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On August 29, the CFPB updated two HMDA webinars to reflect amendments made by the Economic Growth, Regulatory Relief, and Consumer Protection Act, and the interpretive and procedural rule issued by the CFPB in August 2018. (Previous InfoBytes coverage on the amendments and the interpretive and procedural rule available here.) The Bureau also released a new HMDA webinar to provide an overview “on reporting certain application or covered loan features, pricing information, features of the property, and transaction indicators.”
On August 13, the FHFA announced its final rule on the validation and approval of third-party credit score model(s) that can be used by Fannie Mae and Freddie Mac (the GSEs), implementing Section 310 of the Economic Growth, Regulatory Relief, and Consumer Protection Act. The final rule defines a four-phase process for a GSE to validate and approve credit score models: (i) solicitation of applications from credit score model developers; (ii) submission and review of applications; (iii) credit score assessment; and (iv) business assessment, which, among other things, evaluates the impact of using the credit score model on industry operations and mortgage market liquidity. Additionally, the final rule lays out timing and notices for GSE decisions under the process. After a GSE approves or disapproves of an application, within 45 days the FHFA must approve or disapprove of the GSE’s proposed determination. If any applications are approved, the credit score solicitation will be made publicly available. The rule will take effect 60 days after it is published in the Federal Register.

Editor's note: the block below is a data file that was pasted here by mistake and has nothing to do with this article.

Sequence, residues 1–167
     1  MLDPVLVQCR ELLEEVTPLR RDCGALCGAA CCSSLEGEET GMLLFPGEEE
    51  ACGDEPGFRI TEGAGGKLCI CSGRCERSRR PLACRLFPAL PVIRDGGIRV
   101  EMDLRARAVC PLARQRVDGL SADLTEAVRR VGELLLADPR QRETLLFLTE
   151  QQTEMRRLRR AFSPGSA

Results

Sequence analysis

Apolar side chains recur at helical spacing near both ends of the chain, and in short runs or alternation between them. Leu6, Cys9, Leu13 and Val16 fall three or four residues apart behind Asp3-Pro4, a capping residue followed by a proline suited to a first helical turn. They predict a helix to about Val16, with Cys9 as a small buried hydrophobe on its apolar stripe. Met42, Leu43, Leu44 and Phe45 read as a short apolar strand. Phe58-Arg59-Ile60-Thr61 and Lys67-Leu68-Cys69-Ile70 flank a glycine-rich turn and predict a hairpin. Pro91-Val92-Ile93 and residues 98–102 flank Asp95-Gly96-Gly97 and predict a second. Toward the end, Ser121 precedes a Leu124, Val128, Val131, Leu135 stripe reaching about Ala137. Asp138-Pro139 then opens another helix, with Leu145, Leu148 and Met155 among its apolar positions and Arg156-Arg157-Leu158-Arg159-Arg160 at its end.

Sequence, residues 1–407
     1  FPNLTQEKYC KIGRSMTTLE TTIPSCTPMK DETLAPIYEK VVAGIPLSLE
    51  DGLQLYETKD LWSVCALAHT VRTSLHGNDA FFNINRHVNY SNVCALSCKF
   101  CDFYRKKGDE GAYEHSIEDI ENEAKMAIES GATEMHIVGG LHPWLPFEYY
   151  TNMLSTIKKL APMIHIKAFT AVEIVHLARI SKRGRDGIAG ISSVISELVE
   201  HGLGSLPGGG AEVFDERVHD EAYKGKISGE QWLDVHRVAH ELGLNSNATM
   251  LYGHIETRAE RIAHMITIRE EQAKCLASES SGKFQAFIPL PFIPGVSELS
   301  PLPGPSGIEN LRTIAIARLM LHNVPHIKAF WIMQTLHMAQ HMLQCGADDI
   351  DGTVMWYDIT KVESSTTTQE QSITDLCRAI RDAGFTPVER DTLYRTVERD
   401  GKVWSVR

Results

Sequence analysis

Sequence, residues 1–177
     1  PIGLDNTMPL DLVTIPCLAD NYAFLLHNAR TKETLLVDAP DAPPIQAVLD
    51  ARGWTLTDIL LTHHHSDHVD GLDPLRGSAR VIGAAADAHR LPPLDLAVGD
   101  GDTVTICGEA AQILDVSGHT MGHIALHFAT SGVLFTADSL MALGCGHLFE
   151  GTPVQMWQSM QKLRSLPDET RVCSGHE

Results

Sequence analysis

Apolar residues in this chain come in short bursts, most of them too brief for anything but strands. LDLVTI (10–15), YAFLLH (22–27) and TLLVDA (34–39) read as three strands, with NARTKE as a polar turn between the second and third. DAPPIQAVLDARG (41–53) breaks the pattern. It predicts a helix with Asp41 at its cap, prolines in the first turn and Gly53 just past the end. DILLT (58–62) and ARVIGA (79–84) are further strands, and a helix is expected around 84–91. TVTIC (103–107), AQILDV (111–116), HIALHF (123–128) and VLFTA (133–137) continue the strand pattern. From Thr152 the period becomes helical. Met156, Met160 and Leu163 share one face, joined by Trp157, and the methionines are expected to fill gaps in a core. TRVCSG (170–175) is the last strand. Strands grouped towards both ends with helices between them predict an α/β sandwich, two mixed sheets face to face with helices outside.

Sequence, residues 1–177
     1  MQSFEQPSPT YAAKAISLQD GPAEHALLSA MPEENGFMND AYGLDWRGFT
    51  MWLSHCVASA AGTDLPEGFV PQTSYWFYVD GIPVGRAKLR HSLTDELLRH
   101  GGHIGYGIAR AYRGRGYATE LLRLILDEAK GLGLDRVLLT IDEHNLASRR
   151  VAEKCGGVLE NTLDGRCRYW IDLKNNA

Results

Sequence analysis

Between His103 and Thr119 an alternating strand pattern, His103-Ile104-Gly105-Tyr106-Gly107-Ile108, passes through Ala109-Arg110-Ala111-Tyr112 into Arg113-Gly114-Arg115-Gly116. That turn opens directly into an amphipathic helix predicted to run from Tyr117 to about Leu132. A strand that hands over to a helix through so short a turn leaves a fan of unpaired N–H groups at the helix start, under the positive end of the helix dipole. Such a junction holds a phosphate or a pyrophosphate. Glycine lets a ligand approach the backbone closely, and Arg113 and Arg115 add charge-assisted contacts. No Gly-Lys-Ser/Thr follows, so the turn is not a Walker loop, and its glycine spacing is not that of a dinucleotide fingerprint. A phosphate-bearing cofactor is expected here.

On August 8, the Department of Veterans Affairs (VA) issued Circular 26-19-22, which consolidates and clarifies guidance related to Section 309 of the Economic Growth, Regulatory Relief, and Consumer Protection Act, Public Law No. 115-174, and updates guidance regarding loan seasoning requirements based on the “Protecting Affordable Mortgages for Veterans Act of 2019,” Public Law No. 116-33. (Covered by InfoBytes here and here.) The Circular states that a lender (broker or agent included), a servicer, or issuer of an Interest Rate Reduction Refinance Loan (IRRRL) must, among other things:
- Recoup Fees. Certify that certain fees and costs of the loan will be recouped on or before 36 months after the loan note date;
- Net Tangible Benefit. Establish that when the previous loan had a fixed interest rate (i) the new fixed interest rate is at least 0.5 percent lower, or (ii) if the new loan has an adjustable rate, that the rate is at least 2 percent lower than the previous loan. In each instance, the lower rate cannot be produced solely from discount points except in certain circumstances;
- Loan Seasoning. Follow a seasoning requirement for all VA-guaranteed loans. A loan cannot be refinanced until (i) the date on which the borrower has made at least six consecutive monthly payments on the loan being refinanced, and (ii) the date that is 210 days after the first payment due date of the loan being refinanced; and
- Disclosure. Present a comparison of the refinance loan to the original loan within two business days from the initial loan application and again at closing that includes information about the overall cost of refinance. The Circular offers a sample comparison statement in Exhibit C.